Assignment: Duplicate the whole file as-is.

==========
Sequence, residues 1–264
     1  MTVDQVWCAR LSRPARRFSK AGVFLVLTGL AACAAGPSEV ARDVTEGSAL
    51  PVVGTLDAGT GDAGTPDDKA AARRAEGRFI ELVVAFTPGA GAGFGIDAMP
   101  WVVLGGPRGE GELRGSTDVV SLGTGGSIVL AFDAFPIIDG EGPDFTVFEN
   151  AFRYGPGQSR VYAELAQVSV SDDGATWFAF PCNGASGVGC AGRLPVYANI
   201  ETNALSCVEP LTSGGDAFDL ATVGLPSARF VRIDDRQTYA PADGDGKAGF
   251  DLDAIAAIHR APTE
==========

Sequence, residues 1–264
     1  MTVDQVWCAR LSRPARRFSK AGVFLVLTGL AACAAGPSEV ARDVTEGSAL
    51  PVVGTLDAGT GDAGTPDDKA AARRAEGRFI ELVVAFTPGA GAGFGIDAMP
   101  WVVLGGPRGE GELRGSTDVV SLGTGGSIVL AFDAFPIIDG EGPDFTVFEN
   151  AFRYGPGQSR VYAELAQVSV SDDGATWFAF PCNGASGVGC AGRLPVYANI
   201  ETNALSCVEP LTSGGDAFDL ATVGLPSARF VRIDDRQTYA PADGDGKAGF
   251  DLDAIAAIHR APTE